The holiday season is fast approaching, and food is often at the center of the festivities. While many look forward to tables covered in extravagant main dishes, desserts, and festive drinks, these gatherings can be challenging for those battling cancer.
With so many calorie-dense and rich foods on the table, is it possible for cancer patients to prioritize their healthy nutritional needs while also enjoying their favorite holiday dining traditions? Is it possible to provide a plentiful table that meets the needs of all our loved ones? The answer is yes!
The importance of healthy eating when fighting cancer
Proper nutrition plays a vital role during cancer treatment. What you eat before, during and after treatment is important to maintain strength, reduce the risk of infection, and allow the body to repair itself. Diet recommendations for patients undergoing treatment include:
• Eat plenty of lean protein and calories to help the body repair tissues.
• Enter “good fats”, such as those found in vegetable oils and seafood, that help the body protect tissues and carry vitamins through the bloodstream.
• Consume nutrient-rich carbohydrates, such as fruits, vegetables and whole grains, which provide energy and promote organ health.
• Drink plenty of water to keep the body hydrated for proper cell function.
It is not always easy to follow a healthy eating plan when undergoing treatment. Some patients have difficulty eating or digesting foods, or have other obstacles such as loss of appetite, dry mouth, changes in the taste or smell of foods, sore mouth and throat, nausea, diarrhea or constipation.
How to maintain balanced nutrition during the holidays
While the holidays provide more opportunities to break away from a healthy diet, balance can still be included in holiday cooking and eating. Whether you are a cancer patient or hosting a loved one undergoing treatment, here are ways to improve seasonal dishes to support proper nutrition:
• Introduce fresh foods instead of processed foods. Salads with seasonal ingredients, fresh vegetables, and fruit trays are a great option; One important exception is if you have been asked to follow neutropenia precautions.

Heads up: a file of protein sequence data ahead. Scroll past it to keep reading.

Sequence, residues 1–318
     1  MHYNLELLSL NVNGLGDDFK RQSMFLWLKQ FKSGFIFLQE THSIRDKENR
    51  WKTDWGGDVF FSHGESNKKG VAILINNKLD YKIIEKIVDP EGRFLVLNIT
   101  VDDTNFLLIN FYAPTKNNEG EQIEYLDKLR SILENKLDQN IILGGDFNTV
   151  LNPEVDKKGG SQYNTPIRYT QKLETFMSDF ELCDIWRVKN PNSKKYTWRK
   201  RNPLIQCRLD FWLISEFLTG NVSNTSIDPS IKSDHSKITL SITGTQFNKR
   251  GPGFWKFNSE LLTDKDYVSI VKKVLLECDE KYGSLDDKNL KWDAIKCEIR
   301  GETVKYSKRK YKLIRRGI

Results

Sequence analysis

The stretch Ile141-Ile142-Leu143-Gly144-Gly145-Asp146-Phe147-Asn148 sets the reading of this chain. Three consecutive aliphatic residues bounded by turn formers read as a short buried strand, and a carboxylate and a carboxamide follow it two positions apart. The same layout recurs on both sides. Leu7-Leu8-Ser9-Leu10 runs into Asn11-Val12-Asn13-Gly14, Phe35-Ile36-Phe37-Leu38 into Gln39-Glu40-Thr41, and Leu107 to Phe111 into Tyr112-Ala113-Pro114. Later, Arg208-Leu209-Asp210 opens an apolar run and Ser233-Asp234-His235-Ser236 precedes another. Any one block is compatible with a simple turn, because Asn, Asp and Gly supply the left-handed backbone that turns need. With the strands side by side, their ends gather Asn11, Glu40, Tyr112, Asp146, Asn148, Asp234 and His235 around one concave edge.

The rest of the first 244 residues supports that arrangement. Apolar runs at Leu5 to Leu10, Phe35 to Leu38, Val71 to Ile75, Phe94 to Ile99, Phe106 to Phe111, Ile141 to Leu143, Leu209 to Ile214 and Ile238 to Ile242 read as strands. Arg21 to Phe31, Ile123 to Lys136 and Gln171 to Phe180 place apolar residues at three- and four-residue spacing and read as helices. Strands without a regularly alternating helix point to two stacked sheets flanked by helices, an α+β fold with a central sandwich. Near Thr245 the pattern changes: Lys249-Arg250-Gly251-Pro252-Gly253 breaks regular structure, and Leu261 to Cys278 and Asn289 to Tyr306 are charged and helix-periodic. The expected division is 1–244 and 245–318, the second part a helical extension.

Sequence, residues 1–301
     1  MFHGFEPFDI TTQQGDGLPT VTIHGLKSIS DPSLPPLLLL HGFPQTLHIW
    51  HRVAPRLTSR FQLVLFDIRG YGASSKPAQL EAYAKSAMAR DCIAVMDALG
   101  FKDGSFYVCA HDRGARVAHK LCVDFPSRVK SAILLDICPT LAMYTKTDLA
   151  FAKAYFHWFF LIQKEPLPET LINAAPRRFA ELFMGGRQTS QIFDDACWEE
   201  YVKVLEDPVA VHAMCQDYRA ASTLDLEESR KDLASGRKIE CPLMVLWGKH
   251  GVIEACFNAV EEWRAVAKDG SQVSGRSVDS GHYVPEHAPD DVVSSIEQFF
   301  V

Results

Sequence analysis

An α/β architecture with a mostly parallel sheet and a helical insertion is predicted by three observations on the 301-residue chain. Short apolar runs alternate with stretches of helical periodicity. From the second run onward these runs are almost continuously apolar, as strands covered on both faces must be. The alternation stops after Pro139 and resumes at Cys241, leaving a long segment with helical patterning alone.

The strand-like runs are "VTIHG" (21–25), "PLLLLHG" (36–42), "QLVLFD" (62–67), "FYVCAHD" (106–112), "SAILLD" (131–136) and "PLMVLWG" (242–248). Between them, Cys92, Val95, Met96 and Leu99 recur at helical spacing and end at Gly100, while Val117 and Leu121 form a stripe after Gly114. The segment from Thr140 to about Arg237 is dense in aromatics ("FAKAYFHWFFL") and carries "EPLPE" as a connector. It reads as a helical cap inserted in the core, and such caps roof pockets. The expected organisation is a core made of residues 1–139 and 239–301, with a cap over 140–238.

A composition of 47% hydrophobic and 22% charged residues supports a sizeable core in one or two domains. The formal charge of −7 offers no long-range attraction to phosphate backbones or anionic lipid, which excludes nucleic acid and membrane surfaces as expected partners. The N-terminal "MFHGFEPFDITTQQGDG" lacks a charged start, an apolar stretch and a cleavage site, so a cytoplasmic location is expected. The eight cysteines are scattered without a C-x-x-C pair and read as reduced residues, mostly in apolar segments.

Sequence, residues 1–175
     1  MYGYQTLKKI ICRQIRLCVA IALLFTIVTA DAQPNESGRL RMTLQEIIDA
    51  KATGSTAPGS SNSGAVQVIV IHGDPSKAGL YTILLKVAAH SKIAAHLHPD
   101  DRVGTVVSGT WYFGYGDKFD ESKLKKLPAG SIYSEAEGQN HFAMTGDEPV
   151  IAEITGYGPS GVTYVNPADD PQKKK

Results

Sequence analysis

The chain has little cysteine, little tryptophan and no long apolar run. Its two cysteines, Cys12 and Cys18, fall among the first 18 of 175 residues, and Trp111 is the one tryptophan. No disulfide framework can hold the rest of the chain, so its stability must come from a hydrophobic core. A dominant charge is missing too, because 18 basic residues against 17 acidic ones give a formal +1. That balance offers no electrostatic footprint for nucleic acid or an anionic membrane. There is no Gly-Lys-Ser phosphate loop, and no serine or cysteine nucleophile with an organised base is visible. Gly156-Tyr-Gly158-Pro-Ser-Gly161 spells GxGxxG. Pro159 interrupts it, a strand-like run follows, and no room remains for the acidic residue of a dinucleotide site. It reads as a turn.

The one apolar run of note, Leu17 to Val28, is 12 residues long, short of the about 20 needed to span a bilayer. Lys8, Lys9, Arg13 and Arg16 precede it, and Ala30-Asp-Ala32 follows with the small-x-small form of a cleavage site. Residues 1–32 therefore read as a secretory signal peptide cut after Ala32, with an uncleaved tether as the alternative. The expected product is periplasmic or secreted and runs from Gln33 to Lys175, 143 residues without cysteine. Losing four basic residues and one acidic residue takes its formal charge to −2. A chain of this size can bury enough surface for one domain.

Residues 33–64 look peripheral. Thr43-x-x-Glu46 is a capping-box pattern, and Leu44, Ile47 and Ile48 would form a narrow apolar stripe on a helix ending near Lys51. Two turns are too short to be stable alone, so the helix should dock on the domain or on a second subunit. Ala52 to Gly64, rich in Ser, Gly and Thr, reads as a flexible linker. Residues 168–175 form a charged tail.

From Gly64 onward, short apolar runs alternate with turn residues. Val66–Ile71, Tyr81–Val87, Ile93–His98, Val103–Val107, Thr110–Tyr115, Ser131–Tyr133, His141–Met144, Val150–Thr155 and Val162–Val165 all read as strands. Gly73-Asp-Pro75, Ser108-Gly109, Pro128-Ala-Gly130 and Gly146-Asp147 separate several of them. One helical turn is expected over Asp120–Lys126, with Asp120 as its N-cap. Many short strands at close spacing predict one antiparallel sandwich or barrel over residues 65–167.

• Consume wholegrain bread instead of processed rolls or crackers.
• Choose lean proteins, such as chicken or fish, rather than red meat, such as steak or pork.
• Limit or avoid alcohol intake. Switch at least one serving of water or other non-alcoholic beverage for each serving of alcohol.
• Do you like mashed potatoes? Try a combination of half a potato and half mashed cauliflower or kale, and swap out heavy cream for tangy, fat-free Greek yogurt.
• Seasonal vegetables, including squash or sweet potatoes, are sweet and savory cubes toasted with olive oil, salt, rosemary or your favorite herbs.
• Cook with “good fats,” such as vegetable or olive oil, rather than butter or animal fats that are high in saturated or trans fats.
• Replace apple juice with oil, ghee or butter in baked goods.
• For reduced appetite or difficulty swallowing, arrange for your favorite foods to be distributed in smaller portions throughout the day.
• Ensure that all foods are properly washed, prepared and cooked and leftovers are stored properly, as cancer patients may have a weakened immune system and be more susceptible to food-borne illnesses.
• Practice the “dish method”. Fill half the plate with non-starchy vegetables like salad, the other quarter with lean protein, and the remaining quarter with nutritious, filling starches like whole-grain bread, sweet potatoes, or beans.
• As always, respect the food choices of others, so that everyone feels welcome.
While the holiday season can be stressful as a cancer patient or as the host of a loved one with cancer, it is possible to enjoy and/or serve healthy and emotionally satisfying meals for holiday festivities, with a little planning and foresight.
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